Kirkus Reviews QR Code
BALLET FOR LIFE by Finis Jhung


A Pictorial Memoir

by Finis Jhung

Pub Date: Jan. 5th, 2018
ISBN: 978-0-9913898-0-3
Publisher: Ballet Dynamics, Inc.

Ballet master Jhung (The Finis Jhung Ballet Technique, 2014) leaps into the spotlight with a memoir about his life and enduring career.

The Honolulu-born author says he knew that he was going to be a dancer in 1946, when he was only 9 years old. His father was Korean-American, and his mother had Scottish, English, and Korean roots; after World War II, they divorced, and Jhung’s mother struggled financially to raise him and his two brothers. Even so, the author was later able to attend the University of Utah, where he learned ballet from William F. Christensen, a founder of the San Francisco Ballet. A college friend connected Jhung with composer Richard Rodgers and lyricist/librettist Oscar Hammerstein II, and in 1960, he danced in their Broadway musical Flower Drum Song. His career took him to the San Francisco Ballet and both the Robert Joffrey Ballet and the Harkness Ballet in New York City. However, he gave it all up in 1969 to devote his life to Buddhism. By 1972, though, he’d returned to his passion and become a dance teacher. Jhung now teaches all ages and skill levels. This is an expansive memoir with many striking black-and-white photos. Jhung’s prose feels familial, as if one is sitting with him as he points to photos and remembers stories. For example, next to an image of himself dancing as a child, he writes, “If you look through the doorway behind me, you can see a wrapped gift on the bed. Could we be celebrating my mom’s wedding?” It’s a down-to-earth voice—at one point, he describes ballet as “a ‘bitchy’ art”—and some of his stories have compellingly eccentric characters, such as a Danish dancer named Lone Isaksen. Other memories, such as the death of his first child, are sharply poignant. The final chapters include a daily log of Jhung’s recovery from hip surgery and gushing student recommendations that read like ads for his classes. However, other student anecdotes are more memorable; one 67-year-old woman, told by her physical therapist that she needed to use a walker, took dance lessons instead.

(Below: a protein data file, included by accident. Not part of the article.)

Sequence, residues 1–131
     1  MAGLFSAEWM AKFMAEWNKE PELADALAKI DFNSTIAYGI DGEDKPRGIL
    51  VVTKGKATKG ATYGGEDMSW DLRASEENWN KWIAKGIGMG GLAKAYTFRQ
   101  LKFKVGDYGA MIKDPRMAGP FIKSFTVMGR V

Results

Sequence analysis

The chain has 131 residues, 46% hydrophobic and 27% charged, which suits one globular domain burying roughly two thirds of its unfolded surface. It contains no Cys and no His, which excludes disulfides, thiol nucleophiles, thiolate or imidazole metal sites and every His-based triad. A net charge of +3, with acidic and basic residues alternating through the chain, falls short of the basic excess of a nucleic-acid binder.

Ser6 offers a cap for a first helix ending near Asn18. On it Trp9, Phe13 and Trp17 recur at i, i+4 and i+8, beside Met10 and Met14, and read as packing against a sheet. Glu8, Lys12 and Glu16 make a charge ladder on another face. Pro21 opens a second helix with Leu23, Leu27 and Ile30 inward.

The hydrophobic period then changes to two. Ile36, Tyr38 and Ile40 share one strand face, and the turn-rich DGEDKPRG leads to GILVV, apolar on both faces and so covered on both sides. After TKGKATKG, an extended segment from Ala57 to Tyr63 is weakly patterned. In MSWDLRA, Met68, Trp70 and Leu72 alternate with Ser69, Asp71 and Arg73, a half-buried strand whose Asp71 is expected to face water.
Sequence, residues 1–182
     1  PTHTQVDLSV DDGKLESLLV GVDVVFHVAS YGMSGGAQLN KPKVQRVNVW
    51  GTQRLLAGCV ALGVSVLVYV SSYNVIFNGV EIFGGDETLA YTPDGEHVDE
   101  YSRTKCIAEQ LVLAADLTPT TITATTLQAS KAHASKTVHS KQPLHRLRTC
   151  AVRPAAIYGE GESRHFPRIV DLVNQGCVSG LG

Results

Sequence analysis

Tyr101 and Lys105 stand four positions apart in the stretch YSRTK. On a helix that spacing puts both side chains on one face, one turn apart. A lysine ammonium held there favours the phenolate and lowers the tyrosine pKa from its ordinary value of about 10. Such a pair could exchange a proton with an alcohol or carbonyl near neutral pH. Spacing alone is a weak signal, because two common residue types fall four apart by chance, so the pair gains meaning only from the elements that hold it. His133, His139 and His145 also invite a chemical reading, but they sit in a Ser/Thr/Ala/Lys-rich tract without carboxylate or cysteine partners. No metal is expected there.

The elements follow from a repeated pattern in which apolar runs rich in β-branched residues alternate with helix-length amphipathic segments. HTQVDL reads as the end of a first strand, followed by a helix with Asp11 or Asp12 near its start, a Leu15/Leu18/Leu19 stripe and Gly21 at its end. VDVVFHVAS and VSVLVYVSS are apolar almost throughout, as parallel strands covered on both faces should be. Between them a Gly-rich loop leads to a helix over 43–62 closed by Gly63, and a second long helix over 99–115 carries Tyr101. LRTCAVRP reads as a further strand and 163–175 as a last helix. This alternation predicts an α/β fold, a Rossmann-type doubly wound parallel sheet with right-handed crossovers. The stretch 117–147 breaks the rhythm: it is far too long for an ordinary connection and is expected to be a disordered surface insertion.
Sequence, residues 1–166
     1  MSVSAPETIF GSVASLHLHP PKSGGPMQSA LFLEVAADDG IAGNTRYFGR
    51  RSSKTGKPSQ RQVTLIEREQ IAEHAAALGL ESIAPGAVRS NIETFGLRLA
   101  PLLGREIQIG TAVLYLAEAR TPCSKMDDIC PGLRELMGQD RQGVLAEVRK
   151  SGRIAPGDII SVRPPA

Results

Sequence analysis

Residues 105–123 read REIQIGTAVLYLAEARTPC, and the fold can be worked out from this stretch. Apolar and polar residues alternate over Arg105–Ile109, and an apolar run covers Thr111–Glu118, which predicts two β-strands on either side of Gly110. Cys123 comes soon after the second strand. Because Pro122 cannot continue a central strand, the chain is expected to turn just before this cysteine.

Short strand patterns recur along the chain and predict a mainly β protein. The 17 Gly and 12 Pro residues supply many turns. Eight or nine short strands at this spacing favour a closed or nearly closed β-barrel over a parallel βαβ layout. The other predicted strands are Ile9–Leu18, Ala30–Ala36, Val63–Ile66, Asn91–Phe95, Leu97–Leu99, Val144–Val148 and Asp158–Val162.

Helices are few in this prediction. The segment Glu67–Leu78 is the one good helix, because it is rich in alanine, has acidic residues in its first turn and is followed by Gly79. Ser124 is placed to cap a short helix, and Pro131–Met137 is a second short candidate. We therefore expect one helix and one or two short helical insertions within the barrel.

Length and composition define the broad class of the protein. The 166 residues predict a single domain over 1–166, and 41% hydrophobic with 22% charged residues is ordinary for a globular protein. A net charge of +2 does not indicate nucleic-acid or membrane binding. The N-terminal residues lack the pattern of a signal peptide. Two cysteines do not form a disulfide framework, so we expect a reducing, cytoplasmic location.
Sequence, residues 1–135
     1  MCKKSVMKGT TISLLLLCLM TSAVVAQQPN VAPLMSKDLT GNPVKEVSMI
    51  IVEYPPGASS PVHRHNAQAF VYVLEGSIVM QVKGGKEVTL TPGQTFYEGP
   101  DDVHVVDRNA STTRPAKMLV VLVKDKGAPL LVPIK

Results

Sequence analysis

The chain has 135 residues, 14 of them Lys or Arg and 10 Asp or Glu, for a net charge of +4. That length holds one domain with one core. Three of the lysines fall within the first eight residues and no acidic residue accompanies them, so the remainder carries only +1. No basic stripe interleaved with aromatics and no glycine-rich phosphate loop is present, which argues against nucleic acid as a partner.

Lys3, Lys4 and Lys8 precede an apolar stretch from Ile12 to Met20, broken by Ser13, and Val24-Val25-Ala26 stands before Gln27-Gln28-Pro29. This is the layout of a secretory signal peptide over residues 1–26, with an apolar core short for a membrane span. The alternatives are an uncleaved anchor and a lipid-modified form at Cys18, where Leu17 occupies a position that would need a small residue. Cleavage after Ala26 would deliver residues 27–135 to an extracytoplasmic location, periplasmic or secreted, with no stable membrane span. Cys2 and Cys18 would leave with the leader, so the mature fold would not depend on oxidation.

Browsable inspiration for dancers of any age or physical ability.